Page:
The Mercy Seat

Below is an excerpt from Sally Milbury-Steen’s speech “In Praise of Pacem” from the annual Pacem in Terris dinner. In her speech, Sally discussed many meaningful experiences that guided her on the path of peace and justice. She concluded with a story of mercy, compassion, and the death penalty. That story is below. For her full speech please read the Nov. – Jan. issue of Delmarva Peacework, the Pacem In Terris newsletter. 

It all Started with a Letter

It all started with a letter – an invitation from the Respect for Life Committee of St. Dismas Parish, within the Delaware Correctional Center, now called the James T. Vaughn Correctional Center, at Smyrna.  They wanted me to come and talk about the death penalty as part of their Respect for Life Series in October 1996.  As soon as I opened the letter, I was led to say, “yes,” — even though I had no idea what to expect.

When I arrived at the prison, the Catholic Chaplain guided me through the security and registration procedures. From there, invisible eyes observed us and invisible hands pressed buttons and released locks on steel doors and gates.  Each time they would shut behind us with a jarring, cold clang. The last door led us outside to a central courtyard where the chapel stood like an island sanctuary.  When we walked inside, its wooden pews welcomed us, offering a beautiful relief from the harshness of metal and razor wire.

When the prisoners started arriving, many of them flocked towards a stocky man with a wide smile who reached out to them with hugs and handshakes.  He radiated warmth and hope, composure and love.  This was my first impression of Abdullah T. Hameen, the only Muslim member of the Respect for Life Committee.  [This took place before the State of Delaware created its death row in the Special Housing Unit (SHU), so inmates facing execution were still kept in the general prison population.]

The Mercy Seat

By the spring of 2001, Hameen had exhausted all of his appeals at the federal level and an execution date of May 25 had been set.  In early April, Hameen’s wife, Shakeerah, whom I had gotten to know, called me to let me know that he would like me to speak at his hearing before the Pardons Board.  I told her to tell him that I would be honored to speak.  A week or two later, Hameen sent me a letter asking me “…to articulate the need for mercy, forgiveness, justice, and reconciliation…”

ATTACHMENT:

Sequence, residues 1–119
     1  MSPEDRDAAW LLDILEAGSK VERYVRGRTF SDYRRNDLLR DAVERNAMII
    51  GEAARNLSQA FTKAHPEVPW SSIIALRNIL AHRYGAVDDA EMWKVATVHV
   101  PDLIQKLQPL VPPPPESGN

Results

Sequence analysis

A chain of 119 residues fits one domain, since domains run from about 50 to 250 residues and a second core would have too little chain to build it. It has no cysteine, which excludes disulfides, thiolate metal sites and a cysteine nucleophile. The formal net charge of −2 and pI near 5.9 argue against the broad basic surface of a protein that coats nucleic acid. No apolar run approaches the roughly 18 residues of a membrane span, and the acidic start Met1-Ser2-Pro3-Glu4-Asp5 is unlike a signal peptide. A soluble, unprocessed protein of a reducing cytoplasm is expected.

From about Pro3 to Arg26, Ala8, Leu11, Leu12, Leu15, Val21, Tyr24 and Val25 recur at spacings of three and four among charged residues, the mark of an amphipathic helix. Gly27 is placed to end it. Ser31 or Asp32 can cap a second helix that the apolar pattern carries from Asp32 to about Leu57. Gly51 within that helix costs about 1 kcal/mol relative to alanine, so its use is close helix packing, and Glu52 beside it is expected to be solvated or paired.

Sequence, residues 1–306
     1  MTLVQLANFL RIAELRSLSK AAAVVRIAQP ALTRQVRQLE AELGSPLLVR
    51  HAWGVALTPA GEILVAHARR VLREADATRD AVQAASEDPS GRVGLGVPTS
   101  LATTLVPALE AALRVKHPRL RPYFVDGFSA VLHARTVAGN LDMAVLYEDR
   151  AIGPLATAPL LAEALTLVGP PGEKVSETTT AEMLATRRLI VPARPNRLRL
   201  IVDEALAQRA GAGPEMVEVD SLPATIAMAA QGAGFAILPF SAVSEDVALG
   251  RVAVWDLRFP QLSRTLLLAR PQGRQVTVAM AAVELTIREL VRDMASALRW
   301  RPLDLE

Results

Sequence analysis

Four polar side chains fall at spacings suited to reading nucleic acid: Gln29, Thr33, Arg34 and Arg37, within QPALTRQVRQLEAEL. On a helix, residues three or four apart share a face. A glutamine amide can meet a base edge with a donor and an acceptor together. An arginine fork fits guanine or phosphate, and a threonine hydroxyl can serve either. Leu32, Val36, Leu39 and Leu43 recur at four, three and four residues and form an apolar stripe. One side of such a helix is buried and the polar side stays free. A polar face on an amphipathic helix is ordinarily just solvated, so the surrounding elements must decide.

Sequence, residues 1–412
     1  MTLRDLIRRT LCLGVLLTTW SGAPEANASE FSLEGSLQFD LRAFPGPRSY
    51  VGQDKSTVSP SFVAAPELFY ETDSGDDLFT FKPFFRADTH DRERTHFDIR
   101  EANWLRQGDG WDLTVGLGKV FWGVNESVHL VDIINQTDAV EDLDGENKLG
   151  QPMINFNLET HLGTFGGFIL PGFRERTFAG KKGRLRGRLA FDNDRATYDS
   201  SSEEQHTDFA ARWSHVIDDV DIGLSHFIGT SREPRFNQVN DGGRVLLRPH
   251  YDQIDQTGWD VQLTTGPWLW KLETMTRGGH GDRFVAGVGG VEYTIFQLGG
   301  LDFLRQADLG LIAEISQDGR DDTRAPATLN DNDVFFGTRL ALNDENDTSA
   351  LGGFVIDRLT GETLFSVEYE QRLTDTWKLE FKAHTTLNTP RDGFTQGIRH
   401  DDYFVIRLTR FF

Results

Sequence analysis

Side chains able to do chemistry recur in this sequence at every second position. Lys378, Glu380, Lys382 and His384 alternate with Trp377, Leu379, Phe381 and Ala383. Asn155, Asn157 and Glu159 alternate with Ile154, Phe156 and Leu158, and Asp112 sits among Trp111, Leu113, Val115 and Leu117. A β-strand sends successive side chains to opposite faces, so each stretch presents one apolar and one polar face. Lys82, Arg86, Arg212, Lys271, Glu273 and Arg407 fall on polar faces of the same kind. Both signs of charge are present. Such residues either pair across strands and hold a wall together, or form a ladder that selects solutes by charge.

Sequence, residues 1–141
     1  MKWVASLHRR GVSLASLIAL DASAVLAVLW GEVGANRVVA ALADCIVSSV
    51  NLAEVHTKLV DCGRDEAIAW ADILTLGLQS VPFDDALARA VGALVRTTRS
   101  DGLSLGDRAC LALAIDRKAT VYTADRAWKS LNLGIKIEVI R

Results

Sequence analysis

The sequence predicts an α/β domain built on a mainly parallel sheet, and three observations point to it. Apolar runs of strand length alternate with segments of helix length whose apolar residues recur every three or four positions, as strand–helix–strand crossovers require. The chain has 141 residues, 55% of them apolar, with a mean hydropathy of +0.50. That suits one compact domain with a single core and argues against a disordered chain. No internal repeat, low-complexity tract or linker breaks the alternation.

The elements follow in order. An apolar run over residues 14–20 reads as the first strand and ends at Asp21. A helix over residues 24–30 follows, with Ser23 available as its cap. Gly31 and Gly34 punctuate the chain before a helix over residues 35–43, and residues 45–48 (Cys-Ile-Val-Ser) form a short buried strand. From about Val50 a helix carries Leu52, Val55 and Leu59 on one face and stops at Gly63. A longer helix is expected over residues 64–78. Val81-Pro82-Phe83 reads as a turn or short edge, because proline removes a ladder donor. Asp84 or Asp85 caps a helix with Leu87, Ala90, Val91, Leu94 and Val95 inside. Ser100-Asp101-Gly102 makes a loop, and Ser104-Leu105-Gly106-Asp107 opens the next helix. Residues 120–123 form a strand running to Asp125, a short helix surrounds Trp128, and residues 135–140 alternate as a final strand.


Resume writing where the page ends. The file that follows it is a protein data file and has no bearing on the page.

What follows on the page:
Part of what I said at that hearing on Friday, May 18, 2001 was:

“There are some who misunderstand the nature of mercy, deriding and maligning it as “weak’ or ‘soft.’  But I tell you that mercy is strong and bold.  It is the most Godlike of human virtues.”

“There are some who misunderstand the nature of mercy, deriding and maligning it as “weak’ or ‘soft.’  But I tell you that mercy is strong and bold.  It is the most Godlike of human virtues. To dispense it is a unique act of courage.  For you this morning, mercy is not a vague abstraction; it is the power over life or death.  It is something that you alone have the authority to grant.  You have the power to give mercy practical expression, you have the power to recommend clemency.”

“Granting mercy does not remove Mr. Hameen from accountability for his crime.  It is not a magic eraser that undoes what was done or minimizes the great suffering of victims and their families.  But mercy does recognize that Mr. Hameen today is vastly different from who he was at the time of the crime.”

“I believe that choosing to exercise your right to grant mercy will affect far more than the life of Mr. Hameen.  It will help restore balance in our state and in our society.  It will help break the cycle of violence and retribution rampant in our society and in our institutions by modeling a different way – the way of compassion and nonviolence – a way that values life and sees in its preciousness the power and potential for transformation, change, and growth – a way that sees the greatest power of the state not as the taking of life but as the showing of mercy.”

Hameen had killed Troy Hodges, but no one from the Hodges Family was present at the  hearing, which weakened the impact of the arguments made by the lawyers from the Attorney General’s Office. After four and a half hours of testimony, the members of the Pardons Board went out to deliberate.  Around 4 pm they returned to say that they were too tired to go on, but that they would continue deliberating over the weekend.

A new session of the Board of Pardons was convened on Monday morning.  After hearing the testimony of members of the Hodges Family and the Director of Rehabilitation at the prison who stated unequivocally that in his thirty years of service in the prison, he had never seen any inmate become rehabilitated, members of the Pardons Board left the room to deliberate.  Within less than two hours they returned, grim-faced, and announced that they had decided to uphold the death sentence.  The execution would go forward in 36 hours as planned on Friday, May 25, 2001.

Clemency Granted

In January of 2012, for the first time in the history of Delaware, Governor Jack Markell commuted the death sentence of Robert Gattis to life imprisonment. This experience has taught me that our acts for justice and peace may not always have the immediate effect that we hope for at the time, but that does not mean that they may not influence change later on.


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